The jihadi menace reaches a high water mark

“From the ruins of the Obama Administration’s Middle East strategy, the most powerful and dangerous group of religious fanatics in modern history has emerged in the heart of the Middle East.” So says Walter Russell Mead, the distinguished historian of American foreign policy (who reportedly has said he voted for Barack Obama in 2008).

The fanatical group in question is, of course, ISIS. According to Mead, who cites analysts at the Brookings Institution and the Washington Institute, ISIS is more radical, better organized, and better financed than al-Qaeda. It commands the loyalty of thousands of dedicated fanatics, including many with Western and even U.S. passports. And it now controls some of the most strategic territory at the heart of the Middle East.

Given these advantages, Mead concludes that ISIS is “much better positioned to launch attacks in the U.S. and Europe than any of its predecessors.” And though it is preoccupied for the moment in Syria and Iraq, when the dust settles ISIS’s desire to attack the U.S. and Europe will likely be at least as great as that of its predecessors who did attack us.

How did ISIS attain its current status? It flourishes in Iraq because President Obama pulled our troops out. Without our influence and presence in Iraq, the military rotted and ISIS filled the vacuum. ISIS flourishes in Syria in part because Obama dithered (to use Mead’s word) over aiding its rivals in the Syrian opposition.

What can be done now? It’s not clear that anything much can be done in Iraq. Obama likes to talk about “exit strategy.” But the issue now is reentrance strategy. Obama does not seem to have left us with a viable one in Iraq. I assume this was deliberate. In any case, there may be no exit from our exit strategy.

What happens next? Mead says we should watch two developments. First, will ISIS’s momentum carry forward when it reaches the Shia districts of Iraq? It may. According to Mead, the “militias and parade groups currently marching around Baghdad and thumping their chests may not be very effective in the field, and it is not yet clear whether the Iraqi Army will fight any better on Shia home turf than it did in the north and the west.” After all, “the Sunni crushed the Shia in Iraq for decades and there is no law of nature that says they can’t do it again.”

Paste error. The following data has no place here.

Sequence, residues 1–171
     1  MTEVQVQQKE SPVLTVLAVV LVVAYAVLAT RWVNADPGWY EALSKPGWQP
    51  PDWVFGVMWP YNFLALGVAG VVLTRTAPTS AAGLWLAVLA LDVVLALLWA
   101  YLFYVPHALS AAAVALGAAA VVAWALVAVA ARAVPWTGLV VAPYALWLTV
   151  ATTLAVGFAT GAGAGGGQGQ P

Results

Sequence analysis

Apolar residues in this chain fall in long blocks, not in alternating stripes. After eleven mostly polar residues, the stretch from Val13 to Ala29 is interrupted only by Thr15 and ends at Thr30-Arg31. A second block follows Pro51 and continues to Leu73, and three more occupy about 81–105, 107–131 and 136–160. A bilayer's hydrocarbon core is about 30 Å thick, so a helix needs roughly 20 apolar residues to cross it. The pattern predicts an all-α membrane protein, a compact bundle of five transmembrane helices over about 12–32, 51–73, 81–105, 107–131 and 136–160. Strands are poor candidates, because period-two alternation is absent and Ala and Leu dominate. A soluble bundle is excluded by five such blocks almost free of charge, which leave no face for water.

But even if ISIS halts or is halted before it reaches the Shia districts of Iraq, it will still control a large swath of territory in Iraq and Syria. Barring a major rollback, the threat to the U.S. will remain significant.

This brings us to the second key development to watch, namely the political balance that emerges within ISIS held territory. Mead observes:

Tribal leaders, Baathist activists, other religious groups and their allies outnumber the true ISIS cadres by an immense factor. It is far from clear whether the rebel region in Syria and Iraq will be under one increasingly powerful and effective government or whether it falls apart into factionalism and internal power struggles.

For ISIS to impose real order and authority on the population under its military control, and to build up its forces from a guerrilla army to a force capable of imposing dictatorial religious rule on a large civilian population, would be a victory as difficult and in some ways more astonishing than the triumph of its forces on the ground.

Accordingly, Mead suggests that “the U.S. might do better to try to strengthen the non-ISIS components of the Sunni movements in Syria and Iraq than to look to Tehran and the Kremlin for help.”

Right now, though, it’s difficult to imagine that the U.S. has any credibility left with the Sunni movements in Syria and Iraq. We did, but Obama squandered it. Any fissure between ISIS and the Sunnis will have to increase significantly before the U.S. — presumably under a new president — is again taken seriously by Sunnis in Iraq and Syria.

As Mead says:

Rarely has an administration so trumpeted its superior wisdom and strategic smarts; rarely has any American administration experienced so much ignominious failure, or had its ignorance and miscalculation so brutally exposed. . . .

Six years into what the President and his supporters thought would be an era of liberal Democrats seizing the national security high ground from enfeebled, discredited Republicans, the outlook is much grimmer than the President’s team could have dreamed.

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